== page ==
Friday, December 26, 2008

Pork Tenderloin Stuffed with Apples and Raisins



Sometimes you just need something a bit fancy. This is not as complicated as it looks and a lot will depend on the kind of sausage you use. I used a spicy, apple cinnamon sausage that did just the trick! The next time I make this, I may just double the stuffing mix to serve as accompaniment.

1 3/4 lb. pork tenderloin, ends removed to make it a uniform thickness
1/2 apple
1/2 celery stalk
1/4 small onion
1 savory sausage, cooked or uncooked 1/4 - 1/3 cup
2 tablespoons raisins, preferably baking raisins
Dried marjoram
Cayenne or red pepper flakes
Salt and Pepper
Chicken stock
Butter


Put the apple, celery and onion in a mini-processor and, if using pre-cooked sausage, the sausage. Pulse on chop. Heat about 2 tablespoons of butter in a pan. When melted and the apple mixture. If using raw sausage, add that along with it. Cook over medium heat until the vegetables just begin to brown.

Add enough chicken stock to just cover the vegetables by about half. Add a few pinches of dried marjoaram and, if using pepper flakes, a pinch or two. Add the raisins and simmer until the liquid is absorbed. Set aside to cool (you don't want to place hot stuffing in a raw meat). Be sure to taste for seasonings. If you want a bit more of a kick, put in a dash of cayenne pepper.

Season the pork with salt and pepper. Using a sharp knife and beginning about 3/4" from the end, begin slicing into it lengthwise stopping about 3/4" from the other end. Be careful not to slice all the way down. You are creating a "pocket" for the stuffing mixture.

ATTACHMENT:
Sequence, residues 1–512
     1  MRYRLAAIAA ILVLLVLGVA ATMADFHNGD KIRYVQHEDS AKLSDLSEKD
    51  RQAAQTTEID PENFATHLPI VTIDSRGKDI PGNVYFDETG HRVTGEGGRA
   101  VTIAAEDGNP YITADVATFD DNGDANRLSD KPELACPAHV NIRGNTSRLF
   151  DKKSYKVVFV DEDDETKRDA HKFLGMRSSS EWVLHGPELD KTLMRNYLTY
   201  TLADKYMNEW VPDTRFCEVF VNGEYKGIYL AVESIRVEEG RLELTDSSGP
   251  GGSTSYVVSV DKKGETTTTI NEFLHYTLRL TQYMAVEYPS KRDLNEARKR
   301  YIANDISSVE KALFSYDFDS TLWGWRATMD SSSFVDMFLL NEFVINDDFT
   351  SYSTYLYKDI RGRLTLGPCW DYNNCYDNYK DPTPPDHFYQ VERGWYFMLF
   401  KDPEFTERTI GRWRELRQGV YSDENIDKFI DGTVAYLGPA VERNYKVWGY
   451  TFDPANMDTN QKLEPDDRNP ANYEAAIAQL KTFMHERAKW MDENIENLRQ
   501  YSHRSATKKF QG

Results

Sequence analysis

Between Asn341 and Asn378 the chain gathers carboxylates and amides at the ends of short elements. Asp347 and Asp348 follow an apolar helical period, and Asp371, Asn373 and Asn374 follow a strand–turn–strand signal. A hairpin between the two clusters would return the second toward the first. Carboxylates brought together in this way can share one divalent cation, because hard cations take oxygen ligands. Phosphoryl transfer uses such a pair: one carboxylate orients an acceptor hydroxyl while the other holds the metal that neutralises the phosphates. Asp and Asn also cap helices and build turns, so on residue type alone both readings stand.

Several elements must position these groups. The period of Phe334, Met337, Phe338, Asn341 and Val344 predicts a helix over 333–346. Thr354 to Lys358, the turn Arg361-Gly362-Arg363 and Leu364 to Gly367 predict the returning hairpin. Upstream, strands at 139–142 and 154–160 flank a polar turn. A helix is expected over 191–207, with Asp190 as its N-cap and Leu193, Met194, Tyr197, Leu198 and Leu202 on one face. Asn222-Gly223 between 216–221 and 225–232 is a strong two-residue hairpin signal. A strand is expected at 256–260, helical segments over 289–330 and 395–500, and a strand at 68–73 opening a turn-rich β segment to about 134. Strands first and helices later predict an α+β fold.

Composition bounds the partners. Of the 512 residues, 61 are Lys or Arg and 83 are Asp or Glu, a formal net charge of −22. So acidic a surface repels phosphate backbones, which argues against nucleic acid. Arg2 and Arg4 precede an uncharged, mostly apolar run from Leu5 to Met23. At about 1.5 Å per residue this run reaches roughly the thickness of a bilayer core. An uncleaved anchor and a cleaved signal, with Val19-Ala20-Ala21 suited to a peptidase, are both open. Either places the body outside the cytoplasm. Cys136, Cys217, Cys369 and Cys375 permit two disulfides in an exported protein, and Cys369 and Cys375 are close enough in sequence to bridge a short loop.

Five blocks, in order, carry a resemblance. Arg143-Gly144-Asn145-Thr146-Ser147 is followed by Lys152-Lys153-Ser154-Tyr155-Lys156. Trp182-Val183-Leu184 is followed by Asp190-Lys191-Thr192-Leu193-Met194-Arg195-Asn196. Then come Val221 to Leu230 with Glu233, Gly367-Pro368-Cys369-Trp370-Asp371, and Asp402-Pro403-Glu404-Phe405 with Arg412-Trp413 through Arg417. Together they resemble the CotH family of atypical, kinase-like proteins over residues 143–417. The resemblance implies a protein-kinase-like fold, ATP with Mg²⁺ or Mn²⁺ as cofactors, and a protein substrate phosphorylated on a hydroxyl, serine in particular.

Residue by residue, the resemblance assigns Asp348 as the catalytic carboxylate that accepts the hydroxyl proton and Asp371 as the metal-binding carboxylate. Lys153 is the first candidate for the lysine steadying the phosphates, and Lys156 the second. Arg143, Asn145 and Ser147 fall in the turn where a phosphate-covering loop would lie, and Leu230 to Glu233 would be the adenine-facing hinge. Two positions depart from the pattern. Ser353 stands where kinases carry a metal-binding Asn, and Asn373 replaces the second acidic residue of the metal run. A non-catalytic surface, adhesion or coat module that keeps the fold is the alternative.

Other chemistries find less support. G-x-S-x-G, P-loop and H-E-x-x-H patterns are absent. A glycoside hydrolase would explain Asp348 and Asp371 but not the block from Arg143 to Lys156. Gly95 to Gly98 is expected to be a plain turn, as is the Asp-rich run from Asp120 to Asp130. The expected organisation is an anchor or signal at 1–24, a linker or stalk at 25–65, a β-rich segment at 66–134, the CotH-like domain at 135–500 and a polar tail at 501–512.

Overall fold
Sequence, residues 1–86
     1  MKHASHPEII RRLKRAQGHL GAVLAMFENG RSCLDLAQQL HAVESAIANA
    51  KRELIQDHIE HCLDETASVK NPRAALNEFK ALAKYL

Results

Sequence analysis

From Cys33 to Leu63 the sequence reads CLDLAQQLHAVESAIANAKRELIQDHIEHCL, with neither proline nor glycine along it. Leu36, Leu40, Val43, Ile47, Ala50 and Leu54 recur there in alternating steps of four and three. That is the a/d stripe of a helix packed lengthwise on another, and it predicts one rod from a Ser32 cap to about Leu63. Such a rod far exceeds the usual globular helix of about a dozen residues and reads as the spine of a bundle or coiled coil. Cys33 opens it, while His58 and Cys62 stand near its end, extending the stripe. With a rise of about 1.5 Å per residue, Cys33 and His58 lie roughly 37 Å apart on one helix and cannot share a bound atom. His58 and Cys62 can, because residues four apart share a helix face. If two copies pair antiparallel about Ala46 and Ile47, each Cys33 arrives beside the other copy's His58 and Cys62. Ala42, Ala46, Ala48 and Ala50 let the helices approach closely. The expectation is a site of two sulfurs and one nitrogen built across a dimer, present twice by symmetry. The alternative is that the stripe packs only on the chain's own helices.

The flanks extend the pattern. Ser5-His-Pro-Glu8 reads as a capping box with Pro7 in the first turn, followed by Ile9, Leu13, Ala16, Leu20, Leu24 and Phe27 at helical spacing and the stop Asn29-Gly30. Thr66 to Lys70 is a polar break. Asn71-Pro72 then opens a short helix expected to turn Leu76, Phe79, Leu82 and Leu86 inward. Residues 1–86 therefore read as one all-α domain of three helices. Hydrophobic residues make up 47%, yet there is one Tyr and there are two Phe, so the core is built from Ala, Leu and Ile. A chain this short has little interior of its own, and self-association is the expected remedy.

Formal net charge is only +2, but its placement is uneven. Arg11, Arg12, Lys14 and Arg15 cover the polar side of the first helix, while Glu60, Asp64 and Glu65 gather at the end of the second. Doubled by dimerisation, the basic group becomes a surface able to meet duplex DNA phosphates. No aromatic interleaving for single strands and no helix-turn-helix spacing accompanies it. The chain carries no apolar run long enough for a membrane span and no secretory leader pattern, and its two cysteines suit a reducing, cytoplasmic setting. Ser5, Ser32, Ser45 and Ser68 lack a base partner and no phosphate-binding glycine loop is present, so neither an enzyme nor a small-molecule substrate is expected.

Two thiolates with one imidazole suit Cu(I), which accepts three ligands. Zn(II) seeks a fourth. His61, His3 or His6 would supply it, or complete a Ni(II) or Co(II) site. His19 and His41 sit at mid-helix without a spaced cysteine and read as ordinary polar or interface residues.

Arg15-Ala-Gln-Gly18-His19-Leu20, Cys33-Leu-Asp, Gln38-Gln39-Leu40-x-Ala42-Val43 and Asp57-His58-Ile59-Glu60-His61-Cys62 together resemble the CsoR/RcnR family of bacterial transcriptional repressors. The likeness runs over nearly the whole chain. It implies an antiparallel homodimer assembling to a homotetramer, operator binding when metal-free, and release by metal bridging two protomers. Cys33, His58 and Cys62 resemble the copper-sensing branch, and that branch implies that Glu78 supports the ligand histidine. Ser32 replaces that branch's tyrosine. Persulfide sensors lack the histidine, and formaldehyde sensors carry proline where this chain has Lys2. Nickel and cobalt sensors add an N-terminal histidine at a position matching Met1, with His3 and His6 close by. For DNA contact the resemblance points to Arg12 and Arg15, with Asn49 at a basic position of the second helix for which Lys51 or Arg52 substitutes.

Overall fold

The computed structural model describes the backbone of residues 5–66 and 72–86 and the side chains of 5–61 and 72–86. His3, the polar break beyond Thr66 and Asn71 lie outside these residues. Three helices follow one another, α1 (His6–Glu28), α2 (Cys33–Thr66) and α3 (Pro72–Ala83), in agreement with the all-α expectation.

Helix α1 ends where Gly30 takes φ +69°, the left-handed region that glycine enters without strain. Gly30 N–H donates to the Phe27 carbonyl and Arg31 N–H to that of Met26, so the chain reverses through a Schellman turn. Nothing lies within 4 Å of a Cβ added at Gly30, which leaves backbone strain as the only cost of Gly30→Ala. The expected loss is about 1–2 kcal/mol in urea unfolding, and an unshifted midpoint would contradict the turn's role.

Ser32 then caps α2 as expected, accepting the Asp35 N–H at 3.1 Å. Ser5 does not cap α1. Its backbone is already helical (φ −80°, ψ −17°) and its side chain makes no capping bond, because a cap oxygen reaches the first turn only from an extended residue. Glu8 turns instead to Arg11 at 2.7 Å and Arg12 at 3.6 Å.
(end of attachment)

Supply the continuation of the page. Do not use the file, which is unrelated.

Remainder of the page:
Spoon in stuffing and don't worry if you don't use it all. Insert four toothpicks or cut bamboo skewers through the sides of the tenderloin (see photo). Using butcher's twine, lace it up.

Preheat oven to 350-375. Place the pork in a shallow roasting pan (I used a glass bread pan). Sprinkle the remaining stuffing around it. Bake for 25 minutes. Add chicken stock, about 1/4-1/2 cup and return to oven for another 20-25 minutes. Pork should be done around 150-160 degrees. Cover with tin foil and allow to rest. Remove to a carving board and remove string. Slice and pour juices from pan over it.

If you want more juice, add a bit of warmed chicken stock to the pan.

1 comment:

Redstocking Grandma said...

When I am deciding what to made for dinner, I am just going to this blog. I am embarrassed I don't know this. Are ham shanks available in the average supermarket?